Tuesday, July 13, 2010

Movie Review: The Girl Who Played with Fire

The Girl Who Played with Fire ****
Directed by:
Daniel Alfredson.
Written By: Jonas Frykberg based on the novel by Stieg Larsson.
Starring: Noomi Rapace (Lisbeth Salander), Michael Nyqvist (Mikael Blomkvist), Lena Endre (Erika Berger), Sofia Ledarp (Malin Erikson), Peter Andersson (Nils Bjurman), Georgi Staykov (Alexander Zalachenko), Yasmine Garbi (Miriam Wu), Micke Spreitz (Ronald Niederman), Tehilla Blad (Young Lisbeth), Annika Hallin (Annika Giannini), Michalis Koutsogiannakis (Dragan Armanskij), Paolo Roberto (Paolo Roberto), Tanja Lorentzon (Sonja Modig), Per Oscarsson (Holger Palmgren), Anders Ahlbom (Dr. Peter Teleborian), Jacob Ericksson (Christer Malm), Niklas Hjulström (Richard Ekström – Prosecutor), Magnus Krepper (Hans Faste), Reuben Sallmander (Enrico), Ralph Carlsson (Gunnar Björk), Johan Kylén (Inspector Jan Bublanski), Hans Christian Thulin (Dag Svensson), Jennie Silfverhjelm (Mia Bergman).

Stieg Larsson’s Millennium trilogy has become one of the literary events of the past decade. Think of it kind of Twilight for adults – not because the books are about vampires, which of course, they are not, but because Larsson has created characters and an intricate storyline that has involved millions of adults across the world. Lisbeth Salander is his greatest creation – an antisocial, bisexual, brilliant computer hacker, with a dark past which explains why she so adamantly hates violence against women. But the other main character - Mikael Blomkvist – is just as important as Salander. He is more normal, more instantly likable, and it’s because of him that we allow ourselves to let Salander into our lives in the first place. The books are all breathless thrillers, but what raises them above the level of most novels in the genre is two things. The first is that they are connected to the larger world – Larsson used his novels to talk about the corrupt, morally bankrupt place Sweden has become in the past few decades. More importantly however, it’s because the characters in the book feel real – they are involved in a thriller plot, but we believe in them and that they would actually find themselves in the position they are in.

They knew what they had in Sweden, and they rushed a trilogy of movies into production to capitalize on the popularity of the novels, before Hollywood could get a hold of them (and they have, with a proposed 2012 release date for the first American film). The films were a huge hit in Sweden, and around Europe last year, and this year, North American audiences have got a chance to see them. The first movie, The Girl With the Dragon Tattoo did very well for a foreign language film in the spring, so now we have a chance to see the second movie – The Girl Who Played with Fire, and in my opinion, it’s just as good as the first film.

Once again, the key to the movie working in the performance by Noomi Rapace, who has made Lisbeth Salander her own. When we left her in the last movie, she had just had a huge financial windfall and taken off for parts unknown, while Blomkvist regained his reputation by bringing down his adversary – all this and they had time to catch a serial killer as well in the first movie. But things get complicated once again, when Millenium Magazine decides to publish an expose on the sex trade in Sweden – and name names. When the reporter working on the story, along with his fiancée and Salander’s new, wicked guardian, all turn up dead, Salander is fingered as the prime suspect. Although Blomkvist has had no contact with her for a year, he knows she is innocent, and sets about trying to prove it – while Salander tries in her own way, and her dark past is dredged up for all to see.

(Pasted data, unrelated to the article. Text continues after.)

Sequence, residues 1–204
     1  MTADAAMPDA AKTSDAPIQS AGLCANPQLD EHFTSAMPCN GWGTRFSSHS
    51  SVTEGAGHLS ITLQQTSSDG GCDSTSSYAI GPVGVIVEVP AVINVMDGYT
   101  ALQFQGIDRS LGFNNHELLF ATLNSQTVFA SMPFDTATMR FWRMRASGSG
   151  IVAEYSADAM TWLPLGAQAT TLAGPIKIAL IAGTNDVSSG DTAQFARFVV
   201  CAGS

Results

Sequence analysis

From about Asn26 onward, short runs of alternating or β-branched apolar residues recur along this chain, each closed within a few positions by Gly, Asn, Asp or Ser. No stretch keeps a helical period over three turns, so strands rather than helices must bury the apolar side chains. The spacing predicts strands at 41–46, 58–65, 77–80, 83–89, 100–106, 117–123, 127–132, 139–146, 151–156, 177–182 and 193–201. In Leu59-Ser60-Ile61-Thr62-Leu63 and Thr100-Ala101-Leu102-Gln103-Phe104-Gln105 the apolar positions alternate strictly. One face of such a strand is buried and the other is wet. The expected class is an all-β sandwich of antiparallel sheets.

This film has a new director – Daniel Alfredson – but you wouldn’t know it. The film moves with the same wicked pace as the first film, adding layer upon layer to the mystery, and making the characters come even more to life. Rapace fits the role of Salander like a glove – and she continues to deliver one of the most fascinating performances of the year. I’m not quite sure how she manages to make a character who rarely speaks so fascinating, but she does. For his part, Michael Nyquist gives Blomkvist some added depth this time around as well. The supporting cast is excellent – from Peter Andersson as the horrid guardian to Georgi Staykov as the evil Russian mobster to Micke Spreitz as a hulking blonde goon and even ledgendary Per Oscarsson as Holger Palmgren, Salander’s beloved former guardian suffering from a stroke. This series has known precisely who to cast at each step of the way.

The series, both the books and the movies, work as well as they do because they concentrate more on the characters then even the twists and turns of the plot. They do not seem like characters in a thriller – doing and saying things simply because the plot requires them to, but rather they feel real. The movie ends in a bloody shootout, and even then it feels natural – as if it was the only way it could end. I’m sure that with the success of the first film, and what is sure to be success with this one as well, that we will see The Girl Who Kicked the Hornet’s Nest by the end of the year. I don’t think that this film is quite as good as The Girl With the Dragon Tattoo – which surprised me with how good it really was. I wasn’t surprised by the quality of this film – but I loved it just the same. Bring on the third movie – the sooner, the better I say.

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